Jeff Ramsey didn’t hesitate to sign up when Pfizer Inc. put out a call for volunteers for a clinical trial for the newly developed COVID-19 vaccine.
“One reason that I wanted to participate was to just help to move things forward,” the Derry native said. “I wanted to participate in something that could be world changing.”
There was also another reason. He and his husband Ricardo Lima like to travel, and getting the vaccine early on would put them a few steps ahead when more travel opportunities open up.
Ramsey, 43, who lives in San Francisco, is the son of Carol Ramsey of Derry and is a 1995 graduate of Derry Area High School. He works in information technology, met Lima on a business trip and stayed in California.
“When we started the trial, we were already six months into sheltering in place, and we were looking for anything to return to normal for ourselves and for everyone,” he told the Bulletin in a phone interview from the West Coast.
Pfizer, which has global headquarters in New York City, was conducting nationwide trials to “study the safety, tolerability, immunogenicity and efficacy of RNA vaccine candidates against COVID-19 in healthy individuals,” according to their website. One of the locations was at Diablo Clinical Research, Inc., in Walnut Creek, California, not far from where the couple lives.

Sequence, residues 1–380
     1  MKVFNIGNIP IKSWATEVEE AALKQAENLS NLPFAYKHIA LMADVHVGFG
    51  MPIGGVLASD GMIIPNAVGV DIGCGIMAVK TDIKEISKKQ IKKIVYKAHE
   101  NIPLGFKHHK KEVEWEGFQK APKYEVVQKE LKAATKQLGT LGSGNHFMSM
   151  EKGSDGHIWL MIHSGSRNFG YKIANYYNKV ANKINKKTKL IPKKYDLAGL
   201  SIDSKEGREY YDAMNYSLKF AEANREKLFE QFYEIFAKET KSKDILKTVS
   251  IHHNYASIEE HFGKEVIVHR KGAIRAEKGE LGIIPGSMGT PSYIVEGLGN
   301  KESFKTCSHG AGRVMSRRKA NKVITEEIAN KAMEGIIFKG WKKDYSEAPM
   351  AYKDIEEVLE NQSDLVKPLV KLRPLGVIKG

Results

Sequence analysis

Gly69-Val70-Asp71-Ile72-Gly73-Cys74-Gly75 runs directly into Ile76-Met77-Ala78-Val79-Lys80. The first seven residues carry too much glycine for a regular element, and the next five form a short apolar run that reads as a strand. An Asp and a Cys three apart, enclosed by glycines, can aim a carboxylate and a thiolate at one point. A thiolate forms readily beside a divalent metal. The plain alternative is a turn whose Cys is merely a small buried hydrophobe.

“There were some who were skeptical, and at the time it wasn’t quite clear to people that the vaccine that they are administering doesn’t contain the actual virus,” Ramsey said. “Rather, it has the body create antibodies to protect it from the virus.”
Lima made first contact with the research clinic in September. Ramsey followed a couple of days later. Volunteers had to be cleared through blood screenings and physical exams that included a test for COVID-19 that was given at each visit. Qualified candidates entered a double blind study. That is, they did not know if they received the vaccine or a placebo.
“As it turned out, Ricardo received the placebo and I had the actual vaccine,” Ramsey said about the two injections that they each received in October.
They suspected that early on because Lima did not experience any side effects from the second dose. But the day after his second dose, Ramsey had a short bout of mild fever and body aching.
“We didn’t know for sure, though, about Ricardo because he could have just not had a reaction if it was the actual vaccine,” Ramsey said.
They went on their own to another doctor to have antibody tests that verified what they suspected.
“Now since that part of the trial is officially over, they unblinded the study,” Ramsey said. Now they know for sure.
Lima will be inoculated with the vaccine at his upcoming six-month checkup.
Ramsey plans to remain in the study for two years. During that time he will have blood drawn every six months to check the level of antibodies that still exist. That part of the study is to investigate the long-term effect of the vaccine. He also answers a short questionnaire every week.
“It was definitely fascinating to be part of the clinical trials,” he said. “It moved very quickly and I think that had some people scared. But it was done methodically and I am very comfortable with how things are going. I think that people should not be afraid of the vaccine, and should consider what they are doing for other people. You are preventing yourself from being a spreader of the virus, and you will be protecting your loved ones. I think everyone just needs to consider doing their part. The sooner we get this under control, the sooner people can return to a normal life.”